On November 28, 1953, an American scientist named Frank Olson who had been working on biological weapons for the US Army “fell or jumped” to his death from the thirteenth floor of a New York City hotel. Paul Vidich, the author of two superb previous historical spy novels, imagines what might really have happened that day in The Coldest Warrior. The story unfolds twenty-two years later as both the US Senate and the CIA undertake investigations into the Agency’s notorious Project MK-Ultra on “human behavior modification,” which administered LSD to Olson and others without their knowledge or consent.
The historical setting
After an introductory chapter set in 1953 in the hotel where “Dr. Charles Wilson” (Frank Olson) dies, the scene shifts to 1975 at a hearing in the United States Senate exploring that death.
During that period, all the chickens were coming home to roost for the CIA. Its many crimes — assassinating foreign leaders, overthrowing governments, corrupting labor and student groups, and Project MK-Ultra — were coming to light in an orgy of recriminations.
The Coldest Warrior by Paul Vidich (2020) 222 pages ★★★★★
William Colby directed the CIA, one of the last of the old Cold Warriors who had graduated from the OSS into the newly-formed Central Intelligence Agency following World War II. Under Allen Dulles in the 1950s, the CIA was unhinged, engaging in often blatantly illegal operations not just around the world but within the US as well. And the long-time Director of Counterintelligence James Jesus Angleton (“James Coffin” in the novel), nearly sank the Agency in an orgy of paranoia about a “mole” in its ranks. Morale was the lowest it had ever been, and the American public had come to distrust anything the Agency touched.
Gerald Ford was in the White House. And Ford, who had been roundly criticized for pardoning ex-President Nixon, was anything but eager for a new scandal to emerge on his watch. The 1976 election was on the horizon, and Ford’s prospects were by no means secure.
A long-forgotten incident
In The Coldest Warrior, Dr. Wilson’s death, presumed a suicide, might have been but a footnote to the Agency’s history. But “an inadvertent mention in the Rockefeller Commission Report on CIA misdeeds had stirred up the forgotten incident” and stimulated interest in Project MK-Ultra. Which quickly became one of the questions that most concerned the members of the Senate subcommittee probing the Agency’s misbehavior.
An investigation into Project MK-Ultra fraught with great danger
Jack Gabriel is an old CIA hand who had known Dr. Wilson and his family. As the Agency’s moves to cover up the circumstances of Wilson’s death become increasingly clear, he finds himself drawn into an investigation out of concern for the family as well as anger toward his colleagues — and the Agency’s Director supports him. “‘There is more to Wilson’s death,’ he tells Gabriel. ‘I need to know if the men responsible are still inside. If they are, they need to go.'” And that investigation will subject Gabriel, and his own wife and daughter, to great danger, as those who were responsible for Wilson’s death strike out in desperation over the threat to their careers and their reputation.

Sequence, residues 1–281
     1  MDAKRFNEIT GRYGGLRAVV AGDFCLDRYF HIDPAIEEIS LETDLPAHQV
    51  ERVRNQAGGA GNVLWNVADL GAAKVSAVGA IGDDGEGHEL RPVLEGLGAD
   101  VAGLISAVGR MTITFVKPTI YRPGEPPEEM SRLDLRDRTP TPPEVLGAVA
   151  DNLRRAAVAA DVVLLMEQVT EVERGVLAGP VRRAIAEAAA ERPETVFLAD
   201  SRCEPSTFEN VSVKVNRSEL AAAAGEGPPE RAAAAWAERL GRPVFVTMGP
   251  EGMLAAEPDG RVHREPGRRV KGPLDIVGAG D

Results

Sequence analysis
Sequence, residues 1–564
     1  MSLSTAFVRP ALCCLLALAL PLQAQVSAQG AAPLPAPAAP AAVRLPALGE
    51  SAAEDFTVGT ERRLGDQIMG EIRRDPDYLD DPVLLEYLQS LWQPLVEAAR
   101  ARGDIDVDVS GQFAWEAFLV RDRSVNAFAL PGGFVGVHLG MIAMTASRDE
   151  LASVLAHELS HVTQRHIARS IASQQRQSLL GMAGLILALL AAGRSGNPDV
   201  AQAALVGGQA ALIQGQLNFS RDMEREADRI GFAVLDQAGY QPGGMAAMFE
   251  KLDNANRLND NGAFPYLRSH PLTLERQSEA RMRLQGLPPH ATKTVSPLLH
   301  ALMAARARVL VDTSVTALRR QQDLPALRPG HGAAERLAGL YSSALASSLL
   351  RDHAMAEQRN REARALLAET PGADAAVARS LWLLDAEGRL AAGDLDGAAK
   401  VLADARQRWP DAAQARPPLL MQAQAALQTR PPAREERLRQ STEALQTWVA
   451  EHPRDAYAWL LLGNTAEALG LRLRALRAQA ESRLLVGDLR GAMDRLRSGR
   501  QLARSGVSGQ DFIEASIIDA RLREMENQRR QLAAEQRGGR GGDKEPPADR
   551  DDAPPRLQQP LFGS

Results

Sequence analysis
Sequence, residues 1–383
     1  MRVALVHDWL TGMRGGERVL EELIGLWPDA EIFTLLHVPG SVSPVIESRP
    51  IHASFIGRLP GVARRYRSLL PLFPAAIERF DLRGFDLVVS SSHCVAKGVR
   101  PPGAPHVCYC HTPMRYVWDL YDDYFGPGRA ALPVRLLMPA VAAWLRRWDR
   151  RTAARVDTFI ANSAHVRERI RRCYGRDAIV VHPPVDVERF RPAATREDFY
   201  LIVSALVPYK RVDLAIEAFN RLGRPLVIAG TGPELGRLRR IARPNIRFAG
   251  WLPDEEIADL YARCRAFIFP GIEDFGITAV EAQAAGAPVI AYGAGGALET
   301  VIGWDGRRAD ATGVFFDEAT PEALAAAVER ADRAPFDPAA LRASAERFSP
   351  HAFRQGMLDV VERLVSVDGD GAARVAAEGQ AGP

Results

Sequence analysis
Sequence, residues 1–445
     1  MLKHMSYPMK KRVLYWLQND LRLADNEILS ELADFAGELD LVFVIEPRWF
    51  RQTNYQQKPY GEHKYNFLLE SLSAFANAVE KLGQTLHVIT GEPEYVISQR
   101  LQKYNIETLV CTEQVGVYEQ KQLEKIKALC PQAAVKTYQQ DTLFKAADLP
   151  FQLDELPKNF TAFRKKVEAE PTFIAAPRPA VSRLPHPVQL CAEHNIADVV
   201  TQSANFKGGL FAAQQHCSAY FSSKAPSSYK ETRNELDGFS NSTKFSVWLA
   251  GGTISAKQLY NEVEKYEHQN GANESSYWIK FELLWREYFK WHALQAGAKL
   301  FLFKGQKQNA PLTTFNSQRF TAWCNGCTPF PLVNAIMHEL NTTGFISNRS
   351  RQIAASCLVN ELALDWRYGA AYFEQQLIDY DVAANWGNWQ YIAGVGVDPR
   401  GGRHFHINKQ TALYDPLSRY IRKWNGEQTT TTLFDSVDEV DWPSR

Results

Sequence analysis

The character who “made the poisoned cigar to kill Fidel Castro”
One of the more compelling characters in The Coldest Warrior is “Dr. Herb Weisenthal,” the Director of the CIA’s Technical Services division. (In reality, the man was Dr. Sidney Gottlieb.) Vidich describes him as “the spy whose Technical Services staff had made the poisoned cigar intended to kill Fidel Castro” and who traveled to the Congo with poisoned toothpaste to assassinate Congolese President Patrice Lumumba. (Someone, possibly involving the CIA, actually managed to kill Lumumba another way.) With subject matter like this, it’s tough for a novelist to outdo reality.
About the author
The Frank Olson story is personal for Paul Vidich. As he writes in his acknowledgments, his aunt Alice was Frank’s widow, and she personally testified to the lies she was told by the US Government that he describes in The Coldest Warrior. (One of Olson’s sons, Eric Olson, built a website for the Frank Olson Project. You can access it and learn more at https://frankolsonproject.org/.) Yet Vidich’s personal connection to the facts behind this tale come as a surprise. There’s no hint in this top-flight espionage thriller that the author has an ax to grind.
For additional reading
The author is one of The best spy novelists writing today.
There’s an in-depth interview about this book with Paul Vidich on CrimeReads (March 6, 2020).
I’ve also reviewed four other excellent historical spy novels by Paul Vidich:
- An Honorable Man (The Cold War, the early CIA, and the McCarthy Era)
- The Mercenary (A superb Cold War thriller from Paul Vidich)
- The Good Assassin (A compelling spy novel by Paul Vidich set during the Cuban Revolution)
- The Matchmaker: A Spy in Berlin (A dangerous spy game in Berlin before the fall of the Wall)
You might also enjoy my posts:
- The 15 best espionage novels
- 20 good nonfiction books about espionage
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- 20 most enlightening historical novels
- Top 10 historical mysteries and thrillers
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